Breakdowns following pothole strikes surge by highest rate ever seen

Report shows 37 per cent increase over the last quarter, as breakdown firm warns roads “are like the surface of the moon”

The number of drivers breaking down with pothole-related damage such as buckled alloy wheels, broken shock absorbers and snapped springs increased by 37 per cent in the first quarter of 2021 compared to the same period last year, the RAC reports.

The breakdown firm logs all breakdowns where pothole strikes are the suspected culprit, with roadside technicians attending 4,694 such incidents in the first three months or 2021, up from 3,426, and equivalent to 52 drivers a day breaking down after hitting a pothole. 

As well as being a huge rise compared with the first three months of last year, that figure represents three times more pothole strikes than were attended in the final quarter of 2020. The RAC says this is the largest rise between quarters it has ever seen. 

A total of 2.4 per cent of all RAC callouts between January and March followed pothole strikes, with the colder weather seen over this period the likely culprit, as water freezing and expanding in cracks in the road is one of the key causes of pothole formation.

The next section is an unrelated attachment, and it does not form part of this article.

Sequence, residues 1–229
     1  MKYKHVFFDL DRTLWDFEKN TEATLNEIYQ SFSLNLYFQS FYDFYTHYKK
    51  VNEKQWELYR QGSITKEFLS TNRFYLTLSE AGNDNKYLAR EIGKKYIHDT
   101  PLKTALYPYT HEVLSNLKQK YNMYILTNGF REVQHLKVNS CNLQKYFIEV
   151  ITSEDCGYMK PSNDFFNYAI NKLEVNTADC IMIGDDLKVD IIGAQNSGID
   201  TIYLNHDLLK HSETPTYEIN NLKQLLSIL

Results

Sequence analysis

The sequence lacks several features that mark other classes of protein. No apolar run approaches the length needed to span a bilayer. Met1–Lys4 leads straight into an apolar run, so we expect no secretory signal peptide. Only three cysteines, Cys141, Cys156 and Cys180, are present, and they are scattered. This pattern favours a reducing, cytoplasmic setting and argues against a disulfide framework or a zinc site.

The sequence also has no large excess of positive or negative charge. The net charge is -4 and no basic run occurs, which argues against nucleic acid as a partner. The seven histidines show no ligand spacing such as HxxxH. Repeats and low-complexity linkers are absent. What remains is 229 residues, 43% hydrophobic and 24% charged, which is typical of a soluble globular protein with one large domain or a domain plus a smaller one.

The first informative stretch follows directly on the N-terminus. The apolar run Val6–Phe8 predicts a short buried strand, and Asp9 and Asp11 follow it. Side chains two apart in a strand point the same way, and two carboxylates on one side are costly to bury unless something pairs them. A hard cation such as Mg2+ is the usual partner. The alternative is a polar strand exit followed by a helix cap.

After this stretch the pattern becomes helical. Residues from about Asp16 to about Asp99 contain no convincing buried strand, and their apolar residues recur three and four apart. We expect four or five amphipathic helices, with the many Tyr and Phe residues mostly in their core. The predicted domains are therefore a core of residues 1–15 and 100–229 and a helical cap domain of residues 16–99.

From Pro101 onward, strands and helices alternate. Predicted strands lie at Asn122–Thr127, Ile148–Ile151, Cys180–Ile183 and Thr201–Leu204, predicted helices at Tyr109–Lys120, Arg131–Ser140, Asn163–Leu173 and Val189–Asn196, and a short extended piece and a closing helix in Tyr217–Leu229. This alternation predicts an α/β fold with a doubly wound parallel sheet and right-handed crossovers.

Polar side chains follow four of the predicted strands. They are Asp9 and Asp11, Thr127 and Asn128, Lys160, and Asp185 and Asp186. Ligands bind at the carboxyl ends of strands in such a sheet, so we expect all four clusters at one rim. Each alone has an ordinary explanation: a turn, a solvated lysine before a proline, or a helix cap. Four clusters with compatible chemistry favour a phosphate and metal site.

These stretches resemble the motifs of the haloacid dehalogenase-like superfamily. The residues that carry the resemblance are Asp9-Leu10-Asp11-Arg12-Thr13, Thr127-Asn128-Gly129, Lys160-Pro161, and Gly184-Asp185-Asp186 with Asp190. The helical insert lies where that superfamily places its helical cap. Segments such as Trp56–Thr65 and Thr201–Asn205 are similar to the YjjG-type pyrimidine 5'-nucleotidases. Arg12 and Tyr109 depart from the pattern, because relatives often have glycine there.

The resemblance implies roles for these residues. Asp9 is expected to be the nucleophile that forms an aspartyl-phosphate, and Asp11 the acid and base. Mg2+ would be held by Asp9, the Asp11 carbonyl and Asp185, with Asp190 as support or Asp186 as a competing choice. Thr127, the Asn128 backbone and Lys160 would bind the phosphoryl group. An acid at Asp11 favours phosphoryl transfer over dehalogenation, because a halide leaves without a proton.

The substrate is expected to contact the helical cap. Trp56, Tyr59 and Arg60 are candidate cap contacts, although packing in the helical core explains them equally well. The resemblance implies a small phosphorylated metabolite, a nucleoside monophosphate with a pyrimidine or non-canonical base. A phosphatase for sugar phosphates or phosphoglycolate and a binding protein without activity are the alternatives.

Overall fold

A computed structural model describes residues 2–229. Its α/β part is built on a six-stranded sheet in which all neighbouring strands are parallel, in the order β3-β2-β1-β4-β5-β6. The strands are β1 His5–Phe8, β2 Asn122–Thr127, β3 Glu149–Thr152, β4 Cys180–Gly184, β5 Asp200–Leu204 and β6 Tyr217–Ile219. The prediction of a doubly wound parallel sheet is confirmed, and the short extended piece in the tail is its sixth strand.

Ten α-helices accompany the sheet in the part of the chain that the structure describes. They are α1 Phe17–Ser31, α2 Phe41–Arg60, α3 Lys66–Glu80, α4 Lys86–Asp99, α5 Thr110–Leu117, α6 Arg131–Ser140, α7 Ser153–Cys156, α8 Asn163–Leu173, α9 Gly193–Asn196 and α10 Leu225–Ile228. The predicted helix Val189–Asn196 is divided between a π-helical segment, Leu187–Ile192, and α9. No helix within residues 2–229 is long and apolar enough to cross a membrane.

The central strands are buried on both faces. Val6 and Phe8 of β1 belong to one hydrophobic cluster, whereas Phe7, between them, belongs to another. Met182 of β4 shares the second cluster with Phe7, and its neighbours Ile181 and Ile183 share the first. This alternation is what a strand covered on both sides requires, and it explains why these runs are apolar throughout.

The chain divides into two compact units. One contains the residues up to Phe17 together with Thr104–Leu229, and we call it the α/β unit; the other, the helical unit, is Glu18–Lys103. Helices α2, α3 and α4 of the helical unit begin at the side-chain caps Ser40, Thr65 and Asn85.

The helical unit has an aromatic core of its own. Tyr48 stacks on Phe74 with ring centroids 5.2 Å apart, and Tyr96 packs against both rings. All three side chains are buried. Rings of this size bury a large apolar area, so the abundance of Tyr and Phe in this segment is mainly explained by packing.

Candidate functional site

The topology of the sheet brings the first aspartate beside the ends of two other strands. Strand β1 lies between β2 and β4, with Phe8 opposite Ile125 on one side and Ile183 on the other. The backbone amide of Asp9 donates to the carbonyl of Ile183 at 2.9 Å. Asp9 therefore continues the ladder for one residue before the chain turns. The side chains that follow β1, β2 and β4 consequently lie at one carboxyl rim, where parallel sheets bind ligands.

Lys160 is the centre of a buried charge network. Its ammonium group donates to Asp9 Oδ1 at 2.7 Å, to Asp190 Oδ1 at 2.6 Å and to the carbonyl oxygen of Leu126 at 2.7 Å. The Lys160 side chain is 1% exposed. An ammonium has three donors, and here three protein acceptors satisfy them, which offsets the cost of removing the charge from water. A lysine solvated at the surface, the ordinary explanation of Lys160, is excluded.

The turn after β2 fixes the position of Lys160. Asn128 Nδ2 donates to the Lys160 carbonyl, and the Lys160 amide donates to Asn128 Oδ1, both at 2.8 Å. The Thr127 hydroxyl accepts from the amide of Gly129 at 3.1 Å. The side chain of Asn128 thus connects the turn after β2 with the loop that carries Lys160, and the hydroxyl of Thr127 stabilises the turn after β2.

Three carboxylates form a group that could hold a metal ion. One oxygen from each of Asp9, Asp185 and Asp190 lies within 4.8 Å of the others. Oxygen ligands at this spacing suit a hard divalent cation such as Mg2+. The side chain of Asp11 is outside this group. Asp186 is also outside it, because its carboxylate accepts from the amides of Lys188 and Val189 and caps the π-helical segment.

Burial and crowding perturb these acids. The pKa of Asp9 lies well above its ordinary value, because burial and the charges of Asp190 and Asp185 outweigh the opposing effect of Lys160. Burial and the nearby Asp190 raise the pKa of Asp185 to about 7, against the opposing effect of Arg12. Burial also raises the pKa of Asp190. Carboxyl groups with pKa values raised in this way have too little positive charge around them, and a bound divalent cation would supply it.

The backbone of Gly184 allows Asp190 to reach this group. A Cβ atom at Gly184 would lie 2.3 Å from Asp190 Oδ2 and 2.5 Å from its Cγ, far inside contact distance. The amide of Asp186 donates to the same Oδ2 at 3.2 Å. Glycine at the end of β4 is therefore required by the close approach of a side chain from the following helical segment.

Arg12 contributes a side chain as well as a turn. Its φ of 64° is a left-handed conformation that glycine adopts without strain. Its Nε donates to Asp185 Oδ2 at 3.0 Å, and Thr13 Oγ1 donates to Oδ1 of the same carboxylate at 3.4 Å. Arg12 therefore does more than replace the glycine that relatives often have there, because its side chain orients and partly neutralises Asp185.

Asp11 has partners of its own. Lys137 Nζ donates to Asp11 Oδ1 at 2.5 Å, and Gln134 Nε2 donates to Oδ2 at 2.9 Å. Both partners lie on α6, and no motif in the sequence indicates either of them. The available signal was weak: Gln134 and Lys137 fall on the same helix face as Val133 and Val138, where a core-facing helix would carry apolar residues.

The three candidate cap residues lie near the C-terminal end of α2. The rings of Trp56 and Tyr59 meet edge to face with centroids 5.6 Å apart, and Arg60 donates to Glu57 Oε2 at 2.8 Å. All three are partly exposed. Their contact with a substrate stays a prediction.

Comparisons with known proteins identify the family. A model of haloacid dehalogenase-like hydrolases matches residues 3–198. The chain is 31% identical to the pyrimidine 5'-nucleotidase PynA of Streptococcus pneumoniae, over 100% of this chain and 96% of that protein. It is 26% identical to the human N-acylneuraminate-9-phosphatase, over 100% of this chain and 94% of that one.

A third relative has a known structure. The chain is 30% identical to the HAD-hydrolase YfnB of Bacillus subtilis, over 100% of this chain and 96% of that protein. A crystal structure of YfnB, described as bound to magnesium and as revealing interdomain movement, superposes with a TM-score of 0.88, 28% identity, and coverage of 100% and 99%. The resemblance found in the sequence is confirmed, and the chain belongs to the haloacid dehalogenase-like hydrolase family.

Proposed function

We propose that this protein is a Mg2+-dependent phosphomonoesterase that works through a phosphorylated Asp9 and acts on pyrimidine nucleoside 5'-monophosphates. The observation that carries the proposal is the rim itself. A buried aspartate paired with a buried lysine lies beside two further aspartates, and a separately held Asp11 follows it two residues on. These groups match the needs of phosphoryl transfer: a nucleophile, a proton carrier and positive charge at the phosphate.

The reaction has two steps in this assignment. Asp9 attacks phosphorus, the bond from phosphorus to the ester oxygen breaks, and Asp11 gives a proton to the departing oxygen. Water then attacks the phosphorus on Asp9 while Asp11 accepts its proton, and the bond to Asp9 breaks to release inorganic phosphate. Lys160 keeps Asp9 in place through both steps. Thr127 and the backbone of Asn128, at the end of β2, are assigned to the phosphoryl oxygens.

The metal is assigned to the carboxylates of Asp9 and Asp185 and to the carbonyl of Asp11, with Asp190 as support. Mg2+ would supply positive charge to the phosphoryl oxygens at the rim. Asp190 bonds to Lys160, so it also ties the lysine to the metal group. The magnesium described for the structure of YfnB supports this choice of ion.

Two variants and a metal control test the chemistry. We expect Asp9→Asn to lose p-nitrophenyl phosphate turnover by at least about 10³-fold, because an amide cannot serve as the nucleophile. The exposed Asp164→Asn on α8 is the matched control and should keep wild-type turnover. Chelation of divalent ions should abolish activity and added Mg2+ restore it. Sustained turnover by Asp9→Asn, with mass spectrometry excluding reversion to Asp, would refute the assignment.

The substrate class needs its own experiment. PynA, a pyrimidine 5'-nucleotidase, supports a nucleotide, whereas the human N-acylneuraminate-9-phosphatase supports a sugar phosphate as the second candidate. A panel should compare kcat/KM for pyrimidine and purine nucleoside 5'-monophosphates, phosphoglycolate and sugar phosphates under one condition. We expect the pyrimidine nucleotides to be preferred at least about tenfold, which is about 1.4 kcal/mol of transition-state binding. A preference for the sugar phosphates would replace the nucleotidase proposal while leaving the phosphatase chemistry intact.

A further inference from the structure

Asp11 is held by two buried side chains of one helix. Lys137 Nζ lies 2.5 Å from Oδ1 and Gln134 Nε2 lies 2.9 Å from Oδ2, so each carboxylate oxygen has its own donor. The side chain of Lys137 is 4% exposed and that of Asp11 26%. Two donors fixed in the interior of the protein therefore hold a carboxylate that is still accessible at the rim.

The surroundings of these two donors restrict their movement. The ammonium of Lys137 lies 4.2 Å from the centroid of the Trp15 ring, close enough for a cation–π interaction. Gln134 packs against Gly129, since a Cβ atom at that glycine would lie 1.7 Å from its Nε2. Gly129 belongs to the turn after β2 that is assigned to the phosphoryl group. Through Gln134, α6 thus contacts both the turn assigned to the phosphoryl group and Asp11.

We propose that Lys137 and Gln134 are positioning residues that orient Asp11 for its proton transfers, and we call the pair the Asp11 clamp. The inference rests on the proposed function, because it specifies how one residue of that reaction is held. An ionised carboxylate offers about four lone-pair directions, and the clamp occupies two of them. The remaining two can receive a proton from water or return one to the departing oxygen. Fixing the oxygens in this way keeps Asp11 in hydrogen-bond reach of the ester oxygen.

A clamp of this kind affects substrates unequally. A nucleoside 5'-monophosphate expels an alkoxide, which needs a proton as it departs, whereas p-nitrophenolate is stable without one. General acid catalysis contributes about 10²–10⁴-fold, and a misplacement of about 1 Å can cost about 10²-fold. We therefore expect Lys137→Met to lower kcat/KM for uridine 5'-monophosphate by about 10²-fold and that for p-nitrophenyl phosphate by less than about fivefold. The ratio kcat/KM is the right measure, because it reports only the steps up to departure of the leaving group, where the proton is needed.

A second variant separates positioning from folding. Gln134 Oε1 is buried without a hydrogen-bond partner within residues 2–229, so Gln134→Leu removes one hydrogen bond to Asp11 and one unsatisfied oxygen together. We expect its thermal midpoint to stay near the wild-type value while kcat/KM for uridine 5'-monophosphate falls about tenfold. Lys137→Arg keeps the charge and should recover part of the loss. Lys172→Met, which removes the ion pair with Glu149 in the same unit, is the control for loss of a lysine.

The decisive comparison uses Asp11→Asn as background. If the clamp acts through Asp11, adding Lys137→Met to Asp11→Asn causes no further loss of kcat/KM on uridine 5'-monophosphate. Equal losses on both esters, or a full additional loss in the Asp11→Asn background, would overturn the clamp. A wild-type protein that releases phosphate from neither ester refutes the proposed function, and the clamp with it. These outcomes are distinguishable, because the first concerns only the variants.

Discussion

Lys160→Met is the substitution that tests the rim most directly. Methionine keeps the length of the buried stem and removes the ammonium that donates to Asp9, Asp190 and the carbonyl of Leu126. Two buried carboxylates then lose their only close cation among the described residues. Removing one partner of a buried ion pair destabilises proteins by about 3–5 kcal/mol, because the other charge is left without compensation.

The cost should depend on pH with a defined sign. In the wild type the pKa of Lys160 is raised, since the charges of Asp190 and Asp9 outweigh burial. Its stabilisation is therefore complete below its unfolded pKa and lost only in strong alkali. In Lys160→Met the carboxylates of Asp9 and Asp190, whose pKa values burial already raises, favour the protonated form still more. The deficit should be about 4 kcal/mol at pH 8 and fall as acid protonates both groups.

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The rapidly rising incidents “put into sharp focus the enormous task now facing local and national governments to bring road surface standards up to a reasonable level”, the RAC says. A £2.5 billion ‘pothole fund’ was announced in 2020’s Budget for the 2020/21 to 2024/25 financial years.

The RAC’s Nicholas Lyes said some roads “resemble the surface of the Moon”, and it was an “uncomfortable truth” for drivers and authorities that many are “in a desperate state”. 

Lyes warned that “the problem risks getting even worse as pandemic restrictions are eased and the roads get busier”, adding that his company’s latest data “should herald a watershed moment where authorities finally acknowledge the perilous state many roads are currently in…Potholes are a sign of broken roads, but they are also a sign of the broken nature of how the roads are looked after and paid for.”

Find out how to claim for pothole damage to your car here…

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